- Barbara Hepworth
- 款識：銘刻簽名 Barbara Hepworth、紀年 1969 CAST 1970、標記 1/9 並銘刻鑄造廠標記 Morris Singer FOUNDERS LONDON
- 連底座高 29 3/4 英寸
- 75.6 公分
Marlborough Fine Art, Ltd., London (acquired from the above)
Private Collection, West Coast (acquired from the above in December 1985 and sold: Christie's, New York, November 4, 2009, lot 289)
Acquired at the above sale
In response to your inquiry, we are pleased to provide you with a general report of the condition of the property described above. Since we are not professional conservators or restorers, we urge you to consult with a restorer or conservator of your choice who will be better able to provide a detailed, professional report. Prospective buyers should inspect each lot to satisfy themselves as to condition and must understand that any statement made by Sotheby's is merely a subjective qualified opinion.
NOTWITHSTANDING THIS REPORT OR ANY DISCUSSIONS CONCERNING CONDITION OF A LOT, ALL LOTS ARE OFFERED AND SOLD "AS IS" IN ACCORDANCE WITH THE CONDITIONS OF SALE PRINTED IN THE CATALOGUE.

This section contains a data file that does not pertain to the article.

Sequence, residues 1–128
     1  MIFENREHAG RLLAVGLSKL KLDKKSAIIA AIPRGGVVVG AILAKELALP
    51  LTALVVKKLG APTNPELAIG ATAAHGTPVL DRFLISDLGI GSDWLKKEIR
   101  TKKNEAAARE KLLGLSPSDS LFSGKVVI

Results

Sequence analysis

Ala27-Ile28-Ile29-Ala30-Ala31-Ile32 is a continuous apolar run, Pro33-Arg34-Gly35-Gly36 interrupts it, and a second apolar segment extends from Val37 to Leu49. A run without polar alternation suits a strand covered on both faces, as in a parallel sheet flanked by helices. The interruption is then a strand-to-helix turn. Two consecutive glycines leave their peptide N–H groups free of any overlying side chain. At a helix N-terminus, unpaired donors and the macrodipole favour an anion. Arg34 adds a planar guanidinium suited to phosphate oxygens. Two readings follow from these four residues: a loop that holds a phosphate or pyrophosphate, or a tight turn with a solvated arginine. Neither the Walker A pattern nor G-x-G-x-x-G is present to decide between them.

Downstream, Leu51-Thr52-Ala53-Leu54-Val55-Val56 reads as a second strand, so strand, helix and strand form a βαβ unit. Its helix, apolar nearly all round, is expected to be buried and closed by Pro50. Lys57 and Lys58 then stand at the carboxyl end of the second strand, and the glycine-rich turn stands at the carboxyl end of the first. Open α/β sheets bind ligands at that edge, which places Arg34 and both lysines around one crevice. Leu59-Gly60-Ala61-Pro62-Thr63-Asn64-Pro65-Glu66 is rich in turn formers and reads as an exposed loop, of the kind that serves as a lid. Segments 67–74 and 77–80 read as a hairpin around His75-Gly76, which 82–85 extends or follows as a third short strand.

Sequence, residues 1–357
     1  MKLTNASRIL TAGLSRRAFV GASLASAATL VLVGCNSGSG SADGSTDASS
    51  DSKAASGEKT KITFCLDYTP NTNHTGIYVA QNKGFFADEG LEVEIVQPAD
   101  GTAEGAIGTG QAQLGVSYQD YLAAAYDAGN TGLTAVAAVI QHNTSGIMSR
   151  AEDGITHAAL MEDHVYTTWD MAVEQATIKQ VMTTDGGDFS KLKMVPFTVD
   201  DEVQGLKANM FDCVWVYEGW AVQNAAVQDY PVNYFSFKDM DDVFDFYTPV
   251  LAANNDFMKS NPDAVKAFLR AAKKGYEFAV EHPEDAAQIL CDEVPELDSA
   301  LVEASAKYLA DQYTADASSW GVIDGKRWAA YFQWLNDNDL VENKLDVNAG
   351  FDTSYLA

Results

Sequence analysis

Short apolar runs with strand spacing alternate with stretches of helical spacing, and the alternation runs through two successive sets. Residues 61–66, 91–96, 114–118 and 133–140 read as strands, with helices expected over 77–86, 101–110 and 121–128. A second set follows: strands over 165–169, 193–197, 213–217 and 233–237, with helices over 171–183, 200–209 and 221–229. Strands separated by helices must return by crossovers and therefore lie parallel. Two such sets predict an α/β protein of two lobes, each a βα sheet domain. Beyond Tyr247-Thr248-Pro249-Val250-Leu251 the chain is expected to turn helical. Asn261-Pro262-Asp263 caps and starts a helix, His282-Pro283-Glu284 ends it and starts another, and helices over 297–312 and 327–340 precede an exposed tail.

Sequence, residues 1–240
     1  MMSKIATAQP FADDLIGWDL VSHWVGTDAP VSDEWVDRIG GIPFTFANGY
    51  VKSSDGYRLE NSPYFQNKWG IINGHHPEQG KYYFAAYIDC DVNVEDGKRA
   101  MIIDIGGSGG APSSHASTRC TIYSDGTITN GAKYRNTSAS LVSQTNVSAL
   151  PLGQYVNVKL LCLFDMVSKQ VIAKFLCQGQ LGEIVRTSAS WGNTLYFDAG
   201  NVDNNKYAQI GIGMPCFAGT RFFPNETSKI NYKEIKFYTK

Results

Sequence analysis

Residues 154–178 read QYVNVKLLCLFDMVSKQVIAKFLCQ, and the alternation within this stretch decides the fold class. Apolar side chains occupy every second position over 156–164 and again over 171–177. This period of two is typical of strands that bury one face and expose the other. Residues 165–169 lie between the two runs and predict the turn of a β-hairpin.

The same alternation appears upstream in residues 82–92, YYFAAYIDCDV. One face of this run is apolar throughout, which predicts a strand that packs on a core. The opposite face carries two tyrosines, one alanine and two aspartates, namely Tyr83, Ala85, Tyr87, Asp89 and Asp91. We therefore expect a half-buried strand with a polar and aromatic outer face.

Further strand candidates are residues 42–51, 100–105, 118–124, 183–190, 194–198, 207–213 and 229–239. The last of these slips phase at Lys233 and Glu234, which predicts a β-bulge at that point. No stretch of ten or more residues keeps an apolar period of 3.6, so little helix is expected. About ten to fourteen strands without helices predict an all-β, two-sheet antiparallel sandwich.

Abstract and decidedly modern, Makutu possesses a distinct beauty and sense of timelessness in its solidity and curvilinear formation. In her aspiration towards universality, Hepworth embraced an abstract mode of expression. Throughout her career she focused much of her attention on the exploration of three basic sculptural structures – two forms, the closed form and the standing form (as represented by the present work). These elemental configurations allowed Hepworth to introduce both figurative and landscape elements, often drawn from her beloved Cornish coastline, into her abstract art. Towards the end of her career, Hepworth wrote about the meaning that she assigned to many of her sculptures: "Working in the abstract way seems to realise one's personality and sharpen the perceptions so that in the observation of humanity or landscape it is the wholeness of inner intention which moves one so profoundly. The components fall into place and one is no longer aware of the detail except as the necessary significance of wholeness and unity [...] a rhythm of form which has its roots in earth but reaches outwards towards the unknown experiences of the figure. The thought underlying this form is, for me, the delicate balance the spirit of man maintains between his knowledge and the laws of the universe" (B. Hepworth, Barbara Hepworth. A Pictorial Autobiography, Bath, 1970, p. 93). The present bronze is number one from an edition of nine casts.